The fourth estate is just about as American as apple pie – these are the people who embody a core tenant of our First Amendment, the people who we rely on to give us unfettered access to developments in the world around us. Whether it’s a local news story of the neighborhood alley cat being hit by a car, long-form, embedded reporting with a far-right mountain militia, or simply a journalist’s review of the hottest new Rumba offshoot, (shout out to members of #TeamTMG cleaning their apartments in the most efficient, 2017 way possible), journalists seek to go out front and give us a perspective on the world that we’d never have without the power of their pen. But how do we in the PR industry look to leverage their skills and areas of reporting?
Journalists Are Our Friends
There’s a unique symbiosis between journalists and PR agency folks that’s hard to find in any other industry. Think about it; journalists need content to crank out, and in this fast-paced, 24-hour news cycle, that can sometimes be hard to come by. As PR people, we want positive coverage in the public eye for our client – we give reporters the story fodder, our client gets recognition, and boom, everyone wins – truly a match made in PR heaven. But how do these relationships begin and continue to be fruitful for all parties down the road?
As noted in a previous blog post, your clients’ work is now your new area of expertise. Is your client a foundation? Break out the checkbook because philanthropy is your new jam. Got an automotive client? Rev those engines, baby. The first step in building and maintaining those reporter relationships is by reaching out. Start at the top with your tier one publications – your Washington Posts, your New York Times – then work your way down to online publications, industry/trade publications, and even your local news outlets, (local news is important – show them some love). Then, find the reporter who covers the beat most closely related to your clients’ industry and write up an email.
The concept of sending an email to a complete stranger often makes people uncomfortable, but in this industry, it’s so common that reporters won’t bat an eye at a random address in their inbox. This should have a casual, get-to-know-you tone. I always come into these first points of contact demonstrating that I’m clueless about the industry. Something along the lines of the following:
“Hi reporter X,
My name is ~*insert clueless PR associate name*~ and I just started representing my client in industry X. Since this is your area of expertise, I’d love to sit down for a quick coffee with you, get a general state of the industry from a news perspective and pick your brain some about our shared field. Is there a day this or next week that would work for you to sit down and give me some more information?”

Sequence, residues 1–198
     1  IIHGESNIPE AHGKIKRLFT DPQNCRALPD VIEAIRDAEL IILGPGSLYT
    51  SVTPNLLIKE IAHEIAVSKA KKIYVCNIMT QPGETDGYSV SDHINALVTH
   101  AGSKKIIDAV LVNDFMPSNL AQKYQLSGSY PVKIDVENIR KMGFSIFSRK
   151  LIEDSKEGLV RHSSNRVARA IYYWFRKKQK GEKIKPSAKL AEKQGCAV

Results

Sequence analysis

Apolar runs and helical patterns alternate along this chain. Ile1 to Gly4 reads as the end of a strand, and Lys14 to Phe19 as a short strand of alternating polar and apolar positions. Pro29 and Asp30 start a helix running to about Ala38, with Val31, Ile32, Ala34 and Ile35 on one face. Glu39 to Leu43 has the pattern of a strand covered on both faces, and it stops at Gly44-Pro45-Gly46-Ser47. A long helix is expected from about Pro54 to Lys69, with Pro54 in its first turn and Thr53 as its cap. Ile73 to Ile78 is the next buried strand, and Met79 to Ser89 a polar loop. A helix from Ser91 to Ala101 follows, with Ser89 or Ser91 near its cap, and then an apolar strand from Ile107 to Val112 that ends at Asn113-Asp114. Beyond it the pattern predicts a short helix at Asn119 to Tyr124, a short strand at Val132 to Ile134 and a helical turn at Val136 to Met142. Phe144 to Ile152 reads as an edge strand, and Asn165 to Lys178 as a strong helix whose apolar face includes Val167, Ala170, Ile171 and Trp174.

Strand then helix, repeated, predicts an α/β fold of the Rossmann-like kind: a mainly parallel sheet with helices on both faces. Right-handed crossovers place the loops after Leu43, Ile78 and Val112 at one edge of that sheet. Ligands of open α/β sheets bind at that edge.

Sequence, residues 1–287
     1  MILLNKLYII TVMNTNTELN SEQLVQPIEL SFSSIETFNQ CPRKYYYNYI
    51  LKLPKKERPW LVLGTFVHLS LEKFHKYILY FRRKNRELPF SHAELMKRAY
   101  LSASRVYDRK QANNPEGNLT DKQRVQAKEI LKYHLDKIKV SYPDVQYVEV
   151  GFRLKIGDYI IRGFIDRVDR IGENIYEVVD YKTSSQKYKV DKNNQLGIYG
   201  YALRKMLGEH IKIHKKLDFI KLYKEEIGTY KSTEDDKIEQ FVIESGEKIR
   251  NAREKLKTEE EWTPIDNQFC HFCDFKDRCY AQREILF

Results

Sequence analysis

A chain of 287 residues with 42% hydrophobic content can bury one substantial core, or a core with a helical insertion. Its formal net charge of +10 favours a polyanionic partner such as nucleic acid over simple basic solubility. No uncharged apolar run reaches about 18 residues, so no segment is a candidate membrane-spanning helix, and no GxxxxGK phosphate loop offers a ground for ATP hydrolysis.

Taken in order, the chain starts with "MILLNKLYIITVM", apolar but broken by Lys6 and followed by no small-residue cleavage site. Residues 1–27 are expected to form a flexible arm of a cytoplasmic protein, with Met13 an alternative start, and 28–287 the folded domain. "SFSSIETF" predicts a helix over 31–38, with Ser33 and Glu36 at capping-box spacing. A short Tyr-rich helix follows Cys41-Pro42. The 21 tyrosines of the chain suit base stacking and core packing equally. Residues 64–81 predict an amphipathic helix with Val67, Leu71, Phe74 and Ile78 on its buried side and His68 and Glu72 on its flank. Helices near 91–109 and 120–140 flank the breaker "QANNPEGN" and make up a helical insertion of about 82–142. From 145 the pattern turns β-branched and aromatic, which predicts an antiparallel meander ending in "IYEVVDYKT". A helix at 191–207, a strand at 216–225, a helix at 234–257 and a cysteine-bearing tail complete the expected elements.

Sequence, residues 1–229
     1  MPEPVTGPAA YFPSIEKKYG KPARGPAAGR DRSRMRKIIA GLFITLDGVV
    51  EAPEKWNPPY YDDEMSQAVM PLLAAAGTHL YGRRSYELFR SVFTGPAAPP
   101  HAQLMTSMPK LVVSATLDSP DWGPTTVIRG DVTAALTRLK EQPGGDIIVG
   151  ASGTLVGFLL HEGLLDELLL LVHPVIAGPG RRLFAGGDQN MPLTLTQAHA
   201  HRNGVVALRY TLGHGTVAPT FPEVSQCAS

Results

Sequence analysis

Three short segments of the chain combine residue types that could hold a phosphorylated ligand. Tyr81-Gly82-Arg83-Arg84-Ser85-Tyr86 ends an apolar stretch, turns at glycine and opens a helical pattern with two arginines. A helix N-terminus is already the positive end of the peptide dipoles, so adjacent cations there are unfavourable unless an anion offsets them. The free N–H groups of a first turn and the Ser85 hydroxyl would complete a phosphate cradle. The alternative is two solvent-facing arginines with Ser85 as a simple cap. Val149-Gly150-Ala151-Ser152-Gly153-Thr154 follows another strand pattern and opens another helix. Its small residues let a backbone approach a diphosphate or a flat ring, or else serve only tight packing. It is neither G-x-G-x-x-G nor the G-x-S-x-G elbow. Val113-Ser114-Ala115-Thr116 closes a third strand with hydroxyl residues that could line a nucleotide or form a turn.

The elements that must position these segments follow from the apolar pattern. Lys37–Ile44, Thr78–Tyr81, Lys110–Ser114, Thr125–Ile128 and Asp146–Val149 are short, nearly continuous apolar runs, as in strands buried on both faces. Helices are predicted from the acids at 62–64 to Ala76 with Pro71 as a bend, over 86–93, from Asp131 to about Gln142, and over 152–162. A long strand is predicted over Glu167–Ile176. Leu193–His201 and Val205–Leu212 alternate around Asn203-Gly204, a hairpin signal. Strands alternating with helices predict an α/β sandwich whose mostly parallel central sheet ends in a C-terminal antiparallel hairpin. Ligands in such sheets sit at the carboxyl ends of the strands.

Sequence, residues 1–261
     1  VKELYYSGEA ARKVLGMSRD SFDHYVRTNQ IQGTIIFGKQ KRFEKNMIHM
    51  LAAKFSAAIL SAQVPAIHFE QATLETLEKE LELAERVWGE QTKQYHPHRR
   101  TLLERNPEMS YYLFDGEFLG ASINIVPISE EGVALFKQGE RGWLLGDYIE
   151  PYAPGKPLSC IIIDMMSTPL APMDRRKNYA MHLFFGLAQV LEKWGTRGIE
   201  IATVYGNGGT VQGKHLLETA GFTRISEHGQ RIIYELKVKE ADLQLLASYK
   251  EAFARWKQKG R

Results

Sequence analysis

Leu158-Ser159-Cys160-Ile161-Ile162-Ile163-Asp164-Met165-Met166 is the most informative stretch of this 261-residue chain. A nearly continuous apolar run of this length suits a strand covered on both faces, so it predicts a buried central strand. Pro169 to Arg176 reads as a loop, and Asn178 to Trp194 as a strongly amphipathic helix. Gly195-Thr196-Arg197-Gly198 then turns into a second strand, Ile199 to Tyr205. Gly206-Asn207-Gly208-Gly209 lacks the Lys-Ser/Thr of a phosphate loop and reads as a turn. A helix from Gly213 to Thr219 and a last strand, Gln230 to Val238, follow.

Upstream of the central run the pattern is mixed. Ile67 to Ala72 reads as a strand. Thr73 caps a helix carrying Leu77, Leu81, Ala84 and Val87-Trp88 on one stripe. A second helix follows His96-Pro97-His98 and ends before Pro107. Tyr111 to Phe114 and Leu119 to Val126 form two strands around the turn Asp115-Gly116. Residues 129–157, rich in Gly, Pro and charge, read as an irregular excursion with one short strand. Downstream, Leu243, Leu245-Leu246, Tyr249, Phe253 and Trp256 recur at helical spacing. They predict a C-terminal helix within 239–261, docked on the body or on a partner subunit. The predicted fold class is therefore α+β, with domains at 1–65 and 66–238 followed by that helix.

More often than not, reporters are completely open to this kind of cold emailing tactic and are happy to sit down with you. There is absolutely nothing to lose by simply sending an email – nothing ventured, nothing gained, right?
Relationship Established – Now What?
When sitting down with the reporter in your clients’ relevant field, consider all of the information they’re giving you as fascinating intel, and make sure to take notes – they’ll know you’re serious about wanting to gain insight into the field, demonstrating that you’re serious about representing your client. Be sure to name drop your client if they’re public-facing, or at the very least, touch on issues that your client wants at the forefront of the news cycle. Without being too overzealous, the reporter will have a sense of what kind of quid pro quos you can set up down the road.
After your meeting, send a follow-up email thanking them profusely for their time. It meant the world to you. Don’t hesitate to drop into their inbox every couple of weeks or so, maybe just with general updates about your clients’ work or just to circle back and say hey. If you can establish yourself in the reporters’ eyes as a credible and reliable source for industry commentary, you’ve won a major PR battle: getting noticed. After all, isn’t that the goal of this work to begin with?
Now you — and by extension of you, your client — has an in. As long as you make sure to stay on the reporter’s radar, next time they need commentary, a spokesperson interview on industry developments, or even just an op-ed or something to fill space on their website, you’ll be first on the list. Relationships with reporters in the PR industry are sacred. Remember, they’re people with jobs and due dates too, and they need you as much as you need them. No #fakenews here! Now, go forth and email your heart out.
Prior to joining The Moak Group, Noah helped run a 2014 Lieutenant Governor’s race as Director of Field Operations and Communications in his home state of Arkansas.
Latest posts by Noah Walker (see all)
- The Role of Story-Telling in Marketing - December 5, 2017
- Journalists Are People Too: A Guide to Building and Maintaining Reporter Relationships - September 22, 2017
- Communications: The Tofu of Careers - August 18, 2017